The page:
The Ocean County Natural Lands Trust Fund has successfully preserved close to 30,000 acres of open space since 1998, thanks to the late Freeholder John Bartlett Jr.

In an effort to keep the winning ways going, Ocean County freeholders are putting a question on the November ballot for you to decide whether to amend the program in order to allow the trust fund to be used to acquire, develop and maintain land for recreational and historic preservation.

“This proposal will not increase the open space tax that is currently in place,” Ocean County Freeholder Director Ginny Haines, who serves as liaison to the county’s Natural Lands program, said. “But what it does provide is more flexibility within the program. It would assist in our efforts to develop further some of our parks like the Barnegat Branch Trail, for example. Also it would help in our efforts of historic preservation for such important buildings like the Cox House in Barnegat Township.”

The Ocean County Board of Chosen Freeholders approved placing the question on the ballot during its August 7 regular meeting.

The ballot question will read: Shall the Ocean County Natural Lands Trust, which was approved and established by referendum in 1997, be expanded to permit use of the Trust Fund not only for open space preservation purposes and farmland preservation purposes, but also allow for the acquisition, development and maintenance for recreational and historic preservation purposes?

Ocean County Freeholder Deputy Director John "Jack" Kelly said the Natural Lands Trust currently only allows for Trust Fund money to be used to acquire and maintain land for the purpose of open space preservation or for the preservation of farmland.

“This is a very successful program,” Kelly said. “This proposed change builds on its success by allowing additional uses for the money specifically for recreational and historic preservation.”

He explained that the program has been beneficial in saving environmentally sensitive areas, in providing buffers for Joint Base – McGuire, Dix, Lakehurst and for curbing some development.

Under this program, Ocean County has preserved close to 30,000 acres of farmland and environmentally sensitive lands since it got started in 1998.

Overall, almost 60 percent of the county’s 408,000 acres or about 230,000 acres have been preserved for open space including federal, state and county lands.

Anthony Agliata, Ocean County Planning Director, said that many counties and municipalities that have open space programs allow for the funds to be used for recreational and historic preservation purposes including almost all 15 municipalities in Ocean County that have an open space program.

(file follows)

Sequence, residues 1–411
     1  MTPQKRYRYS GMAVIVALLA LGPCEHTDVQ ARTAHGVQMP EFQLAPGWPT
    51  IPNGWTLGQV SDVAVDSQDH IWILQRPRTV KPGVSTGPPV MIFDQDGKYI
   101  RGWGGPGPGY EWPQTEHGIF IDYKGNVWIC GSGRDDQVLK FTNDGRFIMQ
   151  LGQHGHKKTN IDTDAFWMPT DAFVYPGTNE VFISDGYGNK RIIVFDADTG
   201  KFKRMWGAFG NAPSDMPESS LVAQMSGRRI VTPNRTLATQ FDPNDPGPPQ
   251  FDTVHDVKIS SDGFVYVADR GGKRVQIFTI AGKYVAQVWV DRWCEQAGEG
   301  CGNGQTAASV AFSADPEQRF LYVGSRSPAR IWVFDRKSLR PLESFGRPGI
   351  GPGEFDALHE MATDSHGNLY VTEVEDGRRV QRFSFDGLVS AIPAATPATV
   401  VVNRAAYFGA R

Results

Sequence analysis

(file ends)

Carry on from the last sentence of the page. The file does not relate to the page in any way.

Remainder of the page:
“The Ocean County Natural Lands Trust Fund currently allocates 1.2 cents per $100 of assessed land for the open space tax,” Agliata said. “There will be no increase to taxpayers. The question only expands the use of the existing Trust Fund.”

The Ocean County Board of Chosen Freeholders in 1997 posed a question to the county's voters on whether a trust fund to preserve natural lands should be established.

The funds come from a dedicated tax of 1.2 cents per $100 of equalized property value.

Establishing the fund received the support of voters in all 33 municipalities.

The Ocean County Natural Lands Trust Fund Advisory Committee was formally established in 1998 at which time general guidelines were developed for considering properties to be preserved.

To be considered for the program, a formal nomination is necessary in order for a property to be acquired.

Properties are purchased only from willing sellers and the sale must have the approval of the local governing body.

The property, of course, needs to possess environmental characteristics that would contribute to the goals and objectives of the program.

The program has resulted in the preservation of such properties as the Forked River Mountains in Lacey Township allowing it to remain in the public domain and as open space into perpetuity.

“This property totaling almost 8,000 acres is surrounded by thousands of acres of preserved land and was the largest property in single private ownership left in the County,” Haines said. “By expanding the scope of the open space program we can use some of the money to better maintain these properties and provide additional recreational opportunities to our citizens and visitors.”

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